Design Ideas for GFRC
The use of GFRC mixes has opened up a plethora of new design possibilities for contractors who make concrete countertops, fireplace surrounds, wall panels, furniture, and other decorative elements. Because GFRC is significantly lighter in weight and higher in tensile strength than conventional concrete, countertop slabs can be made without seams and span greater lengths. GFRC can be cast using decorative form liners to create architectural wall panels as thin and light as standard wood paneling while permitting more flexibility in shape, color, and texture. GFRC fireplace surrounds can span from floor to ceiling without requiring special reinforcement, and hearths and mantles can extend from wall to wall or be cantilevered to appear as if floating on air. GFRC can even be used outdoors to make artificial rock formations, permitting the creation of dramatic rock and waterscapes without the need to haul in heavy boulders.
What’s more, GFRC offers the same decorative versatility as conventional concrete. It can be formed into nearly any shape and stained or integrally colored. Various tints of gray, white, and buff can be achieved by using colored cements or pigments. The surface finish can be lightly textured or polished smooth to expose the aggregate. And GFRC can be seeded with colored decorative glass or stone to create granite-like effects.
See these decorative GFRC projects:
In keeping with this home’s contemporary, minimalist look, the architect and homeowners chose to make all the countertops pure white. The contractor achieved this look by using a custom GFRC mix made with a titanium white pigment, along with white portland cement and white sand. Reinforced with a blend of ½- and ¾-inch alkali-resistant glass fibers, the GFRC helped reduce the weight of the countertops without affecting their durability.
Initially the architect for Amazon.com's building in downtown Seattle wanted to use standard reinforced concrete wall panels to represent rows and rows of books, but the weight would have been a problem. Steve Silberman of Absolute ConcreteWorks advised him that glass-fiber-reinforced concrete would be the best way to go. Once fabricated the panels were at least 25% lighter, making them easier to maneuver and faster to install.
This stately table measures 11-feet long by 4-feet wide. Because of the size it was cast in three pieces using a lightweight glass-fiber-reinforced concrete mix. The pieces were then joined together with stainless steel bands. If a traditional concrete mix had been used this table would have been far too heavy to be practical.
To add strength and reduce the weight, Eric Weil of Oso Industries cast this chair using a foam core and a concrete mix reinforced with chopped fiberglass and epoxy-fiber mesh. Including the base, the chair weighs only 180 pounds.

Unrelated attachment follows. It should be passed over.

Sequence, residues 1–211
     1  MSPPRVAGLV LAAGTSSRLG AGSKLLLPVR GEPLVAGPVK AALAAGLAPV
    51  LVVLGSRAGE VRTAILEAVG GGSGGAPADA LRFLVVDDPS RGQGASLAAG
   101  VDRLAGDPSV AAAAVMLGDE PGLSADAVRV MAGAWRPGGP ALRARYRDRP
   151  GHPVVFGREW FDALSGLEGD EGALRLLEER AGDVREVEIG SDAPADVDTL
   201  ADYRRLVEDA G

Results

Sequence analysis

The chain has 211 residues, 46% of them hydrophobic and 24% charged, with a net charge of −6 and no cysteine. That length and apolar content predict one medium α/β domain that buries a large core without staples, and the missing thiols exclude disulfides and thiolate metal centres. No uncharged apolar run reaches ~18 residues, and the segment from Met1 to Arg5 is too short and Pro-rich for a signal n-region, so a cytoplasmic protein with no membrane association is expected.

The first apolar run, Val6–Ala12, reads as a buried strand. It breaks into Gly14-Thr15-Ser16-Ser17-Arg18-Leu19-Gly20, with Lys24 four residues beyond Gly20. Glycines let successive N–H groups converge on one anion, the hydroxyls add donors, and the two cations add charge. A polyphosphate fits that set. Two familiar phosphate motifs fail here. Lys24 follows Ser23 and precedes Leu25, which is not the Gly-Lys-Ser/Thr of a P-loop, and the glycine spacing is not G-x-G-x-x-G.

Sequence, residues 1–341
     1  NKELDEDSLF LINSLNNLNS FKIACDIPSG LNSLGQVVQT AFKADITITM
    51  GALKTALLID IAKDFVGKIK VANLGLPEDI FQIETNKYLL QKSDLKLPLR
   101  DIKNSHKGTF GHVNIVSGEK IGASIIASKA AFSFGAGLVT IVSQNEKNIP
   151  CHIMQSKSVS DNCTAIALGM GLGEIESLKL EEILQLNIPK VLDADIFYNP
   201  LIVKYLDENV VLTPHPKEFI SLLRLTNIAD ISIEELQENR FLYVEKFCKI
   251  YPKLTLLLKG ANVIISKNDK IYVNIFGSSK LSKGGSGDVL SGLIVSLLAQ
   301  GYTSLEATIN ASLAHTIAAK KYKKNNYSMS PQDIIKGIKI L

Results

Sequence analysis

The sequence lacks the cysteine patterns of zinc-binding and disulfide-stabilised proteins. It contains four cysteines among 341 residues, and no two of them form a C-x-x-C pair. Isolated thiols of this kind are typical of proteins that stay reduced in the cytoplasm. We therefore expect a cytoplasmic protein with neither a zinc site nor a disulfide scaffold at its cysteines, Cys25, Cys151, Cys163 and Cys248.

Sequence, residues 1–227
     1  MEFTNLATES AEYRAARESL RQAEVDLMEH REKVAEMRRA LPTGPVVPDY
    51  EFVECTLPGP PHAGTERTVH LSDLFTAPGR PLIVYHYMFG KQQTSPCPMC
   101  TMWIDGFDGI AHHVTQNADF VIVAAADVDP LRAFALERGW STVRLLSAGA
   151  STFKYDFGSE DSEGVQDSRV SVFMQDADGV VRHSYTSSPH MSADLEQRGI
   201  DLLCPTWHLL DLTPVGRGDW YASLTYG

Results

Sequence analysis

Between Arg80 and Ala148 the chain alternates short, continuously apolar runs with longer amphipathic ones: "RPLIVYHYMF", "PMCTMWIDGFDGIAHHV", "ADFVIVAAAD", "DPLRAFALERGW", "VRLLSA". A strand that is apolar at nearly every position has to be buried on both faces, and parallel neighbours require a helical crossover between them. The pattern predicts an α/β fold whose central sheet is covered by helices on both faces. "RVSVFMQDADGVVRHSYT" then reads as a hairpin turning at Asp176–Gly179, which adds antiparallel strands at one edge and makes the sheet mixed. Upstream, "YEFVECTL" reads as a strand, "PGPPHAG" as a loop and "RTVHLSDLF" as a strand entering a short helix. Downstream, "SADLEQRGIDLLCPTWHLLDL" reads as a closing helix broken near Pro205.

Completely seamless, this expansive 11- by 5 ½-foot concrete kitchen island was cast in one piece. The use of a lightweight GFRC mix kept the weight at 750 pounds. To achieve the brilliant white coloration of the concrete, a titanium white pigment and white silica sand was used instead of natural sand to obtain greater purity. Once the island was removed from the mold, it was lightly ground to lightly expose the white silica sand.
Both bedrooms in this spectacular townhouse in the scenic mountains of Sun Valley, Ida., have fireplace surrounds precast using integrally colored GFRC. A proprietary decorative fiber-reinforced concrete mix was used that requires no blending and can be applied thinly.
This Zen-style bench was cast in one piece using a lightweight glass-fiber-reinforced concrete in a blend of gray and white. This would not have been possible with a traditional concrete mix. This bench has the best of both worlds because it is lightweight and durable. It will weather well outdoors for many years.
A lightweight GFRC mix made it possible to cast this large 34-square-foot concrete island without seams. Using GFRC instead of traditional wet-cast concrete reduced the weight of the island from 950 pounds to only 450 pounds, allowing it to be carried up a flight of stairs. The countertop color, Bleeker Beige, was replicated from a Benjamin Moore paint color chart.
This stunning kitchen features GFRC countertops that were simply sealed to enhance the natural gray color. Contractor Brock Greenberg of Concrete Wave Design says that they use GFRC for most of their countertop projects and have developed their own GFRC mix, which incorporates polymer, sand cement, fibers, and a plasticizer. "With different techniques, we can get GFRC to pretty much look like any kind of concrete you would want," he says.
Both the hearth and mantle of this fabulous fireplace surround were cast using GFRC to reduce the weight. The pieces were also integrally colored with a dark gray pigment to echo the color of the room’s dark wood floors. “Almost all of our work is done using GFRC,” says Barbara Sunderlin of SunWorks etc. “The size of this project pretty much dictated it as well. We were able to eliminate about two-thirds of the weight had we cast it with a traditional wet-cast mix.”
Watch 25 videos explaining how to design and build Fu-Tung Cheng’s line of concrete furniture using CHENG D-FRC Casting Mix, a Portland-cement-based mix with a matrix of glass and other fine fibers.